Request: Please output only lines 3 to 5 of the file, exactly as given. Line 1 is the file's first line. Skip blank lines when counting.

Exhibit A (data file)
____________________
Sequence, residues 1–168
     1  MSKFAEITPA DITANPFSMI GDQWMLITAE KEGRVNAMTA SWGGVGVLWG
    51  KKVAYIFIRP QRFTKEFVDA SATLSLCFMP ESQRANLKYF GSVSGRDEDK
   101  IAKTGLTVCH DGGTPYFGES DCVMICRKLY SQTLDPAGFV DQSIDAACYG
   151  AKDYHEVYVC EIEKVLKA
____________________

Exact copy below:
    51  KKVAYIFIRP QRFTKEFVDA SATLSLCFMP ESQRANLKYF GSVSGRDEDK
   101  IAKTGLTVCH DGGTPYFGES DCVMICRKLY SQTLDPAGFV DQSIDAACYG
   151  AKDYHEVYVC EIEKVLKA